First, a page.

Are the R&A and USGA about to run in to an unexpected legal play-off? Adam Scott’s victory in the Masters last weekend signified a landmark moment in more ways than one. Not only was it the first victory for an Australian in what is arguably golf’s most prestigious tournament, it also marked the completion of a career grand slam for the anchored putter following victories for Keegan Bradley (2011 PGA Championship), Webb Simpson (2012 US Open) and Ernie Els (2012 Open). Scott’s triumph at Augusta has now served to fan the flames of golf’s hottest debate.
In November 2012 we wrote a piece for this website which essentially explained why the use of social media by sports people is here to stay. However, there is little doubt that the irresistible march of social media has been met with trepidation in the upper echelons of many sports organisations. As vividly stated by Hugh Morris, Managing Director of the England and Wales Cricket Board, when referring to players' use of social media:
'When [social media is] done poorly it is a complete and utter nightmare for those of us trying to manage and lead teams. It is like giving a machine gun to a monkey.'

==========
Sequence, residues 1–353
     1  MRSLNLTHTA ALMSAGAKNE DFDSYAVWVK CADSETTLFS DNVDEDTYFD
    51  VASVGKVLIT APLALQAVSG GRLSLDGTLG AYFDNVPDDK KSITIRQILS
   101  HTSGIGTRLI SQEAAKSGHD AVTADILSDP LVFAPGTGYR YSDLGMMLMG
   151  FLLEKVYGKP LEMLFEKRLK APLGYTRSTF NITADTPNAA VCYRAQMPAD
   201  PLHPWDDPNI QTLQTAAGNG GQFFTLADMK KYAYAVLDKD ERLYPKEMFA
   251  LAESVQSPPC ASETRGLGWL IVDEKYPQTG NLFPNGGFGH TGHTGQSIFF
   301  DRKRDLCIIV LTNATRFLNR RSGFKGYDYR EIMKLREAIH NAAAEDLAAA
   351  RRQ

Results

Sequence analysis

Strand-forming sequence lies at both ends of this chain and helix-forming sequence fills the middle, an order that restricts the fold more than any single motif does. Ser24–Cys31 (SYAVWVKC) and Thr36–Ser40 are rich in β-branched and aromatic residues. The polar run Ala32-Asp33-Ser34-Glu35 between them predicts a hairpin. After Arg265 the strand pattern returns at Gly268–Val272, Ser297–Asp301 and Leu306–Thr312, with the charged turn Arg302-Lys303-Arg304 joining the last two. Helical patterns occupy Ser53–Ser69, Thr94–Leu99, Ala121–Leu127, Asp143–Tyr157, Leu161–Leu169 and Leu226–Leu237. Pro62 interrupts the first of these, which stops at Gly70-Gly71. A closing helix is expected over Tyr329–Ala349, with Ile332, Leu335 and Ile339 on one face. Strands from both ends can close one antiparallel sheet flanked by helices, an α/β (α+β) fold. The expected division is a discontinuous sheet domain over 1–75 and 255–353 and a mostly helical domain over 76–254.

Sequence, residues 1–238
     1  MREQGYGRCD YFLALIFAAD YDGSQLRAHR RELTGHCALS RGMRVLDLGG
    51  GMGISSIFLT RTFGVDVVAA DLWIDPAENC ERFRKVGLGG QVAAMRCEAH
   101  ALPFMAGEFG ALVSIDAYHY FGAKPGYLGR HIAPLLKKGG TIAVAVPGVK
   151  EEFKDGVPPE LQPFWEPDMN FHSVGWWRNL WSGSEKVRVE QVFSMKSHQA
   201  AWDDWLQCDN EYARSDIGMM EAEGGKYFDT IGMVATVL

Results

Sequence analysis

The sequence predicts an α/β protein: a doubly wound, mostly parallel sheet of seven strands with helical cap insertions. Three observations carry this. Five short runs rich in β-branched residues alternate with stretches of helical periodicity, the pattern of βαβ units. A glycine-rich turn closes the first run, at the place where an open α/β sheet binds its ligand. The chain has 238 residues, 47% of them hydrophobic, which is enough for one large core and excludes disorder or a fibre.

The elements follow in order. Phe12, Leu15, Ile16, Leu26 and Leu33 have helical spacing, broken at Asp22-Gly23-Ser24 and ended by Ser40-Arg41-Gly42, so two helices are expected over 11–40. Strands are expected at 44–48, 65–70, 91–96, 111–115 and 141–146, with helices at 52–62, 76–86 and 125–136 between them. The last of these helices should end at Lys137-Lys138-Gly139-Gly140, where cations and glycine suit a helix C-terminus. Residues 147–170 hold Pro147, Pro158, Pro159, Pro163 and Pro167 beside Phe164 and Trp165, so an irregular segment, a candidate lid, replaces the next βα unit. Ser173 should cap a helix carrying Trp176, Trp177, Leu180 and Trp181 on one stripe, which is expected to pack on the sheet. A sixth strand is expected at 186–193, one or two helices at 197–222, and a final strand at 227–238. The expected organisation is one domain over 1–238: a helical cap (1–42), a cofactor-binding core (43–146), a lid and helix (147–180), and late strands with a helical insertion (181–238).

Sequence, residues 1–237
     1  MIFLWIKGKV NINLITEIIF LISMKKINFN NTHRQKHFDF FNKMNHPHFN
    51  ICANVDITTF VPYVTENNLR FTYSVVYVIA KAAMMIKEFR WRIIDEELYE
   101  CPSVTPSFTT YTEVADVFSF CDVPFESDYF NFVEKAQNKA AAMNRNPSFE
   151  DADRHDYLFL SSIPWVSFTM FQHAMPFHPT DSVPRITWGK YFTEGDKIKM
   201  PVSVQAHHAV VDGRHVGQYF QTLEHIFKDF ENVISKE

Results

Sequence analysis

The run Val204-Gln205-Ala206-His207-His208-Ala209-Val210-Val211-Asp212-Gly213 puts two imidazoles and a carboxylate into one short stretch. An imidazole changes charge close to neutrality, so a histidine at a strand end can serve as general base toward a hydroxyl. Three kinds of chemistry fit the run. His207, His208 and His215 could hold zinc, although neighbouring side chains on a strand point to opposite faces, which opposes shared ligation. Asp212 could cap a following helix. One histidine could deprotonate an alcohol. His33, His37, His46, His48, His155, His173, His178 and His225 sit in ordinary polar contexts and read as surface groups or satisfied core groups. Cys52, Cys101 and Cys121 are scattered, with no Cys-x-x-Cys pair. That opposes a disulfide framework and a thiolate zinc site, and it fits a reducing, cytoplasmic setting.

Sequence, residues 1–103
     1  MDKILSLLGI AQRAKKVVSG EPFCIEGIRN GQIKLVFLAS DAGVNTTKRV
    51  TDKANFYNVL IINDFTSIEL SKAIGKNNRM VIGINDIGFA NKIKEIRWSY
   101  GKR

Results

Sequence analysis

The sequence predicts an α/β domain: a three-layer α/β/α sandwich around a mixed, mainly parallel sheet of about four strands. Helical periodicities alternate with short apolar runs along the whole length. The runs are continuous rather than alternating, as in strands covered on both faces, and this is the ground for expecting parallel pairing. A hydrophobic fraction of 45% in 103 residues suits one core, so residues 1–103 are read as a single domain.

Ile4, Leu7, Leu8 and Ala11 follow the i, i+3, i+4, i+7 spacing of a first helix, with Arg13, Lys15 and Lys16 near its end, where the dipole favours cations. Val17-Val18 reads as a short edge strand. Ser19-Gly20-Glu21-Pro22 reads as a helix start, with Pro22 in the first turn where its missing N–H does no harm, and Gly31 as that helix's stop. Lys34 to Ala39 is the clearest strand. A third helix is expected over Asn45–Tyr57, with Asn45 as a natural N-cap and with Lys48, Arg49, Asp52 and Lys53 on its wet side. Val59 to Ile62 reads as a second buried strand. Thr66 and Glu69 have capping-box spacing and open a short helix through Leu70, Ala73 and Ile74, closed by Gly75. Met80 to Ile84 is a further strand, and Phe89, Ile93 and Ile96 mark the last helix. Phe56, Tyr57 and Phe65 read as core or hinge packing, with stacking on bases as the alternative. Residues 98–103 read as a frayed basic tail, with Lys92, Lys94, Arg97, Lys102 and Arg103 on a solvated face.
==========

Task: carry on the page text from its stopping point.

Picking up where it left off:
The reality is that social media now plays an increasingly fundamental role in a sportsperson's career. It offers them strategic and creative opportunities to further their personal agendas. At the same time, it provides a platform on which players can interact with fans on a level playing field allowing them to keep in touch with authentic opinions outside their sporting vacuum. At its best, social media can develop player exposure, raise public awareness, build brands, and ultimately enhance the sports industry's profitability.
Are clubs taking FFP seriously? What will UEFA do about non-compliance?
In September 2009 UEFA's Executive Committee unanimously approved a new Financial Fair Play (FFP) regime for European football. The principal motivation for these groundbreaking regulations is to prevent European clubs from pressing the self destruct button in what has become a race to the bottom in terms of financial recklessness.